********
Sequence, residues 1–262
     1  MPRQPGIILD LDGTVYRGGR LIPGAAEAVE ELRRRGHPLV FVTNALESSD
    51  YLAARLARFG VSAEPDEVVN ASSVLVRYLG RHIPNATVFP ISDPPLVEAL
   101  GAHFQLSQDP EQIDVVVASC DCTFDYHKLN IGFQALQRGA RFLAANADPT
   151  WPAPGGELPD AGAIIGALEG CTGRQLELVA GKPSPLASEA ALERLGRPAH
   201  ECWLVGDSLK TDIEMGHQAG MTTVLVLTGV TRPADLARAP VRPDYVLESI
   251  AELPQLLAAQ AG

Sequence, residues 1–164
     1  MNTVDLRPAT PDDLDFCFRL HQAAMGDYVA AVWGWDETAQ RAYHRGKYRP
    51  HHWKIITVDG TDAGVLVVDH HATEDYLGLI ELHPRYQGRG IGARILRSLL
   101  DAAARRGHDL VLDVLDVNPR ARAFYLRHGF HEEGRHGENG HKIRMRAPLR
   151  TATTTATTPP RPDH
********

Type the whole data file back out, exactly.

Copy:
Sequence, residues 1–262
     1  MPRQPGIILD LDGTVYRGGR LIPGAAEAVE ELRRRGHPLV FVTNALESSD
    51  YLAARLARFG VSAEPDEVVN ASSVLVRYLG RHIPNATVFP ISDPPLVEAL
   101  GAHFQLSQDP EQIDVVVASC DCTFDYHKLN IGFQALQRGA RFLAANADPT
   151  WPAPGGELPD AGAIIGALEG CTGRQLELVA GKPSPLASEA ALERLGRPAH
   201  ECWLVGDSLK TDIEMGHQAG MTTVLVLTGV TRPADLARAP VRPDYVLESI
   251  AELPQLLAAQ AG

Sequence, residues 1–164
     1  MNTVDLRPAT PDDLDFCFRL HQAAMGDYVA AVWGWDETAQ RAYHRGKYRP
    51  HHWKIITVDG TDAGVLVVDH HATEDYLGLI ELHPRYQGRG IGARILRSLL
   101  DAAARRGHDL VLDVLDVNPR ARAFYLRHGF HEEGRHGENG HKIRMRAPLR
   151  TATTTATTPP RPDH